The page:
The C Roguelike Tutorial
Welcome to the C Roguelike Tutorial. These lessons will teach you how to write a basic roguelike using C11. The only library we will be using is BearLibTerminal, a fantastic library that will handle all our drawing on the screen. Everything else is up to us to implement.
This tutorial is a mostly direct port of the Python TCOD Roguelike tutorial, though obviously changed to accomodate the choice of language and using BearLibTerminal instead of libtcod for the pseudoconsole. Because we won’t have access to libtcod’s roguelike-specific APIs, this tutorial is a little more fleshed out in algorithmic complexity as we will, for example, have to implement our own FOV system instead of using libtcod’s.
Small portions of this tutorial are copied verbatim from the Python tutorial. All rights to these sections go to the original authors.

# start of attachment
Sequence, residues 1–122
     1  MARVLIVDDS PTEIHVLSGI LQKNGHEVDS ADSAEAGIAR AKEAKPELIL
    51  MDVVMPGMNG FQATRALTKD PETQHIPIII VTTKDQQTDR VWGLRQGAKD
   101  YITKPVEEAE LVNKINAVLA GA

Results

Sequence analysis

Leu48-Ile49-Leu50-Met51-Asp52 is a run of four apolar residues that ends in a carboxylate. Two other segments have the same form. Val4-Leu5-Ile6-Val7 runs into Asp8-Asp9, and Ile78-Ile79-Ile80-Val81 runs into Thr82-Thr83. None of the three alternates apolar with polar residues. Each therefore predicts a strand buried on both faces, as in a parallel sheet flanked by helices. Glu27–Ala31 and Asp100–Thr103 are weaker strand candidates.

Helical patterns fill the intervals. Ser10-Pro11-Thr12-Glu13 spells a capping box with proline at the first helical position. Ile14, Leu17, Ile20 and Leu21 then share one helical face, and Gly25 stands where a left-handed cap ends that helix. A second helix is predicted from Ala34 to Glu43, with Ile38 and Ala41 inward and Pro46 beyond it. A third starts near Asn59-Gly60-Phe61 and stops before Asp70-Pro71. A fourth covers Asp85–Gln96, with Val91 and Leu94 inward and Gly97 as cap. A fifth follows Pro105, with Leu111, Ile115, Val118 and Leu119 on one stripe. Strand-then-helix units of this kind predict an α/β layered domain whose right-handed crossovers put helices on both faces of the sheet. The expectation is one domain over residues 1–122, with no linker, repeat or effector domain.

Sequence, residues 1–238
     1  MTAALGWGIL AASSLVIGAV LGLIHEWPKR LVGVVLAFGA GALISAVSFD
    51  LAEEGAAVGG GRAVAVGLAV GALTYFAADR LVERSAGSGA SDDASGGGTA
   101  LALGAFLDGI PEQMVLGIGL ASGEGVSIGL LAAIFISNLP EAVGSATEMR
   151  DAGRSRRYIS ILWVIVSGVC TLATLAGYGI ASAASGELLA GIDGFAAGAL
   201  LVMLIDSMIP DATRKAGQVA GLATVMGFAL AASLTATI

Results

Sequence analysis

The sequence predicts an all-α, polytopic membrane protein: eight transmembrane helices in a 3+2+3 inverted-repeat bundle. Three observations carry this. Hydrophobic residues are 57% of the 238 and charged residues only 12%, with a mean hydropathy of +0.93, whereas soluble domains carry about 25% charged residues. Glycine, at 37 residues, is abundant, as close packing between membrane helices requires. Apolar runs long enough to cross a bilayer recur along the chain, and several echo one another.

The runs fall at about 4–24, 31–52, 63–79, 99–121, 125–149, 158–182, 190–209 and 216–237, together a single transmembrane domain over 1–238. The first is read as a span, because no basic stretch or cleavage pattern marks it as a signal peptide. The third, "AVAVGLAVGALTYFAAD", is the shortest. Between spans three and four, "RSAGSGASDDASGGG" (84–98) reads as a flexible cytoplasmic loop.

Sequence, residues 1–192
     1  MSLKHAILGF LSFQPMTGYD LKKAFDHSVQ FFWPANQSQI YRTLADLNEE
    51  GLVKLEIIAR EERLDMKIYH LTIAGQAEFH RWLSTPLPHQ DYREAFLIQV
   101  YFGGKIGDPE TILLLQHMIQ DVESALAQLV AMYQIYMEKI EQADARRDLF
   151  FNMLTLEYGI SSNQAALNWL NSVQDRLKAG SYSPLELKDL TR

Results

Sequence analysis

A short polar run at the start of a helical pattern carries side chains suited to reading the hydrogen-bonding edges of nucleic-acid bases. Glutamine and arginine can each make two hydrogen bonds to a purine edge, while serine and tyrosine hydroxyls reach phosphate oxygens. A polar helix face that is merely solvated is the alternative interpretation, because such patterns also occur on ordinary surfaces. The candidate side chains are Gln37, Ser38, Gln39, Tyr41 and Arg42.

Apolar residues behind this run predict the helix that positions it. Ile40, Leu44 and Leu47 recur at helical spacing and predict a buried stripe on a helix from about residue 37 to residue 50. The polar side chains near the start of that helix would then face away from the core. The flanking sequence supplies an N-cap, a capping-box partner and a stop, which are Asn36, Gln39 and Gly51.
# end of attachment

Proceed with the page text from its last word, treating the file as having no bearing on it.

But I Heard That C Is A Dead Language
There are several reasons why I’ve chosen to port the tcod tutorial to C.
C is the lingua franca of systems programming. Yes, there are many other options, but C is still widely used in many domains. There is significant worth in learning C, and why not do so while making a simple game as well!
As far as I am aware, there is no port of the venerable TCOD Roguelike Tutorial to modern C.
To quote the opening paragraph of Ben Klemen’s 21st Century C, 2nd ed: C Is Punk Rock: C has only a handful of keywords and is a bit rough around the edges, and it rocks. You can do anything with it. Like the C, G, and D chords on a guitar, you can learn the basic mechanics quickly, and then spend the rest of your life getting better. The people who don’t get it fear its power and think it too edgy to be safe. By all rankings, it is consistently the most popular language that doesn’t have a corporation or foundation spending money to promote it. Also, the language is about 40 years old, which makes it middle-aged. It was written by a few guys basically working against management—the perfect punk rock origins.
But enough talk, let’s get coding!